Niha houses two archeological sites, each featuring two temples built during the Roman era, around the 2nd century AD.
The village of Niha was divided in antiquity into two different localities, each having its own name, known as:
*Nihatha, from which the current Niha derives,
*Mifsa, locally known today as Hosn Niha, which is located on the slopes of Niha.
These appellations are attested by the inscriptions found on site.
In Roman times, these two localities were inhabited by a community made up of Roman pilgrims and settlers.
In the case of Nihatha, the inhabitants paid homage to a divine triad similar to that of Baalbek, with the difference that the gods who compose it retain their Semitic names: the supreme god Hadaranes and the goddess Nihathena, and perhaps alongside a young minor consort whose name is unknown, but whose appearance is said to be similar to that of the Heliopolitan Mercury.
In the case of Mifsa, the inhabitants paid homage to a god named Mifsenus, specific only to this locality.
Niha houses two temples located on either side of a stream whose course has been laid out since Antiquity. In the early 1940’s onward, both temples underwent in-depth excavations and restoration. The excavation works also addressed the probability that an ancient settlement is suspected under the terraces and houses of the modern village, but this part of the site has not yet been documented.
Hosn Niha site occupies the head of the Niha valley, located 1km above the modern village. It was built near a stream which feeds the village of Niha, and which controls the access road through the rocky paved path - passing near an ancient quarry - that links both sites together.
According to a Latin inscription found on site, Hosn Niha was the center of a small town endowed with the status of vicus (a village within a rural area) and bearing the name of Mifsa. The village Mifsa would be comparable to the Mispheh of the Hivvites, Biq‘at Mispheh, Mispa or Mispé, which the book of Joshua (9, 8, and 11, 3) locates between Mount Hermon and the Bekaa.
Niha - The temple dedicated to the god Hadaranes:
The temple rests on a three-sided podium, open to the east, of a tetrastyle prostyle plan (temples featuring a row of columns on the front) and of Corinthian order. It comprises a pronaos (outer part of a temple forming a portico) and a cella (where the statue of the deity is venerated) at the bottom of which the platform of an adyton (restircted area with the cella) surmounts a crypt.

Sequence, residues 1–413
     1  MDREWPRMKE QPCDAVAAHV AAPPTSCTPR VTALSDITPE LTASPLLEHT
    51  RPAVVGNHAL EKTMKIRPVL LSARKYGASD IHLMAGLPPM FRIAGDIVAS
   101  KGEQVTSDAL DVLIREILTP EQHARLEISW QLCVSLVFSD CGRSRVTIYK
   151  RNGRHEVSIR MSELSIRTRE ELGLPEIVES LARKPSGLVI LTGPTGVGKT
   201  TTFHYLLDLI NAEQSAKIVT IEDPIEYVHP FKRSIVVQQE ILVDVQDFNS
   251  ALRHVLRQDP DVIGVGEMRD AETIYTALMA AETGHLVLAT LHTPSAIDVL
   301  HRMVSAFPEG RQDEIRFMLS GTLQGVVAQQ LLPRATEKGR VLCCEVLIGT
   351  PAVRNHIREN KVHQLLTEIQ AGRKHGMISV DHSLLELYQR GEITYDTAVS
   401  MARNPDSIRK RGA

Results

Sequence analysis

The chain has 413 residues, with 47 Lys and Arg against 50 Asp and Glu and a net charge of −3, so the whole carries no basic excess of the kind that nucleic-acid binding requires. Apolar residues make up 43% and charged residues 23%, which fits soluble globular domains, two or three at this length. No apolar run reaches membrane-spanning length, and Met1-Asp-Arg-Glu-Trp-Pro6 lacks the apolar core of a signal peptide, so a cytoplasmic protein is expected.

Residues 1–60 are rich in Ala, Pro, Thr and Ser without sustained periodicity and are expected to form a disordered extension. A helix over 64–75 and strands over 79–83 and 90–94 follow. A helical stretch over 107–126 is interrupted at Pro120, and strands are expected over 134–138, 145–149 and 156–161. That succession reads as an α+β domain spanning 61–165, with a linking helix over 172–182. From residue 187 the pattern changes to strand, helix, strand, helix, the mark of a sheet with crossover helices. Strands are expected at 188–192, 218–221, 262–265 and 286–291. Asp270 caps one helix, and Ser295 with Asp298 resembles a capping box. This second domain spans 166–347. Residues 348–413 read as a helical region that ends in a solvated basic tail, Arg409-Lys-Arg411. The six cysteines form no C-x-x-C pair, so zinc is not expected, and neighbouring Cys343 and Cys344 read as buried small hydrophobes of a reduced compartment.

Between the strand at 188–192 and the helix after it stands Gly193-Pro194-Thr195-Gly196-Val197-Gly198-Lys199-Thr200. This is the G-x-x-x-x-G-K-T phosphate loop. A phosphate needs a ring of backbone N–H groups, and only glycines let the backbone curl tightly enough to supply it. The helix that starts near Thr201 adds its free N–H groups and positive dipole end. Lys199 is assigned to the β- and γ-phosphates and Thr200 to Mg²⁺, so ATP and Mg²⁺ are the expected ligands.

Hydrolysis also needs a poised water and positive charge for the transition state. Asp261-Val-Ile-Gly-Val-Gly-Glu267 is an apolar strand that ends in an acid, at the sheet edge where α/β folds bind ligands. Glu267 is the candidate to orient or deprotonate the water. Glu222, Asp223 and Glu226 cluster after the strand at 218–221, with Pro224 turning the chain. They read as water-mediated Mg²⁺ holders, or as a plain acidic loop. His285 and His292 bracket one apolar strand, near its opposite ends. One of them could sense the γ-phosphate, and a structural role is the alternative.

The entrance to the temple is adorned by an imposing bas-relief image of the temple priest Narcissos, and had a massive altar which foundations can still be recognized.
Niha - The temple dedicated to the goddess Nihathena:
The temple rests on base-like podium, preceded by a flight of stairs.
Open to the south, it is of a tetrastyle prostyle plan, comprising a pronaos and a cella at the bottom of which rose the platform of an adyton without a crypt. The front of the cella had a large axial bay and a small side door on the right. The cella floor is paved.
The site also features the remnants of a ruined building, onthe north-west side, which may have also been a religious sanctuary, in addition to a couple of votive monuments, including an offering table and a plinth bearing the image of Atargatis, that were discovered when the site was excavated.
Hosn Niha - The temple dedicated to the god Mifsenus:
The building rises on a rectangular foundation block more than 40m long, the last foundations of which are visible in places. Open to the east, it rests on a high podium, following the Corinthian order of tetrastyle prostyle plan, comprising a pronaos and a cella at the bottom of which the platform of an adyton surmounts a crypt.
In the middle, a staircase of ten steps led to a landing where rested the the niche welcoming the cult image.
A Latin inscription found on site mentions several sources of funding of the temple: to the property of the sanctuary and to those of the village is added the contribution of "faithful of the god Mifsenus" (cultores dei Mifseni), under the control of nine officials. This god is unknown, but from his name we can deduce that of the village where he would be specially venerated and which could be located in Hosn Niha: Mifsa. Thus, the temple may have belonged to this divine patron.
Unfortunately, the temple was heavily damaged from the interior during the Lebanese civil war which left a huge hole in the middle of the podium.
Hosn Niha - The temple with the unknown diety:
Poorly preserved, it is open to the south, and rises on a massive foundation, of a distyle in antis plan and of an ionic order, comprising a pronaos and a cella.
The temple is decorated with corner pilasters at the back. Inside, the cella is an almost square room with smooth walls.
Hosn Niha site also witnessed the building of a Byzantine church by re-using the stones of the temples. The church preserved only its foundations.
*To reach the site of Hosn Niha, take the road west towards the slopes of the village starting from the first site. As you drive towards Hosn Niha, notice on your left side the ancient quarry where you will notice big rock-cuts in the slope. You then cross a road surrounded by apple trees up to a point where you will see the sanctuary. You can park your car on the side of the road and walk a 5minutes trail to reach the temple.
Scroll down to enjoy the pictures and to locate the site on the map.
Tour Operator & Tour Guide
La vie Religieuse Au Liban Sous L'Empire Romain - Julien Aliquo
The temple dedicated to the god Hadaranes, with its entrance adorned by a bas-relief image of the priest Narcissos
The temple from the inside
A picture taken from one of the temple towers - notice the scale of the structure
The temple dedicated to the goddess Atargatis
The temple of Mifsenus